Iran, U.S. Dig In on Positions Ahead of Nuclear Meeting: Analysts

Women listen to a presentation at a 2006 Iranian Atomic Energy Organization exhibition in the city of Qum. A number of experts have warned that hardening Iranian and U.S. political positions could make common ground harder to find in nuclear negotiations scheduled to start this month.
Women listen to a presentation at a 2006 Iranian Atomic Energy Organization exhibition in the city of Qum. A number of experts have warned that hardening Iranian and U.S. political positions could make common ground harder to find in nuclear negotiations scheduled to start this month. (Atta Kenare/AFP/Getty Images)

Some analysts are saying U.S. and Iranian posturing in advance of resumed talks could make it harder to find common ground, the Wall Street Journal reports.

The Obama administration on Thursday unveiled punitive steps against entities found to have circumvented U.S. penalties targeting Iran's missile and atomic efforts. The Middle Eastern nation promptly pledged retaliation to Washington's move, which came as Tehran and six world powers prepared to start new negotiations over a potential long-term resolution to global fears that Iranian atomic efforts are aimed at developing an arms capacity.

"This is yet another instance of the lack of the U.S. government's good faith on the eve of the second round of negotiations and is an indication that the U.S. wants to impose a negative atmosphere," said Alireza Miryousefi, a spokesman for Iran's mission to the United Nations. "This action will not only fail, but also will face Iranian reciprocal answer."

A number of experts said Iranian and U.S. positioning could complicate the search for an agreement in the scheduled talks, which are slated to start on Feb. 18. Under a six-month interim deal that took effect last month, Iran is restricting certain elements of its nuclear program in exchange for limited relief from international sanctions.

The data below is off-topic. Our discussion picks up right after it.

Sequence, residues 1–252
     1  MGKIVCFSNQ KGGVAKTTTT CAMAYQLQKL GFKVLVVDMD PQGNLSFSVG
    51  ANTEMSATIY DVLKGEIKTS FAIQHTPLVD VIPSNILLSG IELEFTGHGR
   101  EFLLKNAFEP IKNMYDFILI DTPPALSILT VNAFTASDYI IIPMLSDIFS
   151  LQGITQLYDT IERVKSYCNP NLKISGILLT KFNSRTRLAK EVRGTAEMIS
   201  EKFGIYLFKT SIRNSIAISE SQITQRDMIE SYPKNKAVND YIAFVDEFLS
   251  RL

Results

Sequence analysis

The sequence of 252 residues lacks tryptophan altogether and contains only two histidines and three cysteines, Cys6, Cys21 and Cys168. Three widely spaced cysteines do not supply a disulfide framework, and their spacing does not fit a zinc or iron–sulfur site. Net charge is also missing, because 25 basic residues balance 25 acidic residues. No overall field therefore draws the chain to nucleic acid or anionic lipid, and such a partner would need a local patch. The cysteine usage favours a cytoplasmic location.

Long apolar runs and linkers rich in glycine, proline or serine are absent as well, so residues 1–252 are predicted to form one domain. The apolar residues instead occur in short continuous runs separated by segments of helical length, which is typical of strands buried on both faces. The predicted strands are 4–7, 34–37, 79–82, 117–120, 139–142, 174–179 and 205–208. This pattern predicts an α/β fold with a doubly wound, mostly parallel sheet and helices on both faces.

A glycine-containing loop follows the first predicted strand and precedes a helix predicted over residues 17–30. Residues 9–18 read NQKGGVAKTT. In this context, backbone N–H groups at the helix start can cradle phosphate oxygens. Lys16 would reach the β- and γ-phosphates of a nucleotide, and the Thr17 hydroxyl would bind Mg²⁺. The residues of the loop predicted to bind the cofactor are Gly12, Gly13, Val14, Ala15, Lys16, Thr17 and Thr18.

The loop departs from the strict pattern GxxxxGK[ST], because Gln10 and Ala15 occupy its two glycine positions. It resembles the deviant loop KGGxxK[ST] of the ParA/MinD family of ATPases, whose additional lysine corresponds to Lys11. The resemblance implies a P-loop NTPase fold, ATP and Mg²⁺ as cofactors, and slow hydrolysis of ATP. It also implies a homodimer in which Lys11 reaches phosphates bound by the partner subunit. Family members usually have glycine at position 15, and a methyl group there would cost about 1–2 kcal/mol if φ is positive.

"Iran wants the sanctions [fully] dismantled, and the U.S. Congress wants much of Iran's nuclear program dismantled," said Karim Sadjadpour, an Iran expert at the Carnegie Endowment for International Peace in Washington. "Both sides are likely to enter the first round of talks with hardened positions."

However, Washington paired its latest punitive actions with what the Associated Press described as a possible trust-boosting measure: a suspension of up to 180 days on U.S. steps targeting a government-run Iranian media organization. A high-level Obama insider on Thursday said the decision would remove the threat of U.S. penalties against foreign firms that provide communication services to Islamic Republic of Iran Broadcasting.

February 7, 2014
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Some analysts are saying U.S. and Iranian posturing in advance of resumed talks could make it harder to find common ground, the Wall Street Journal reports.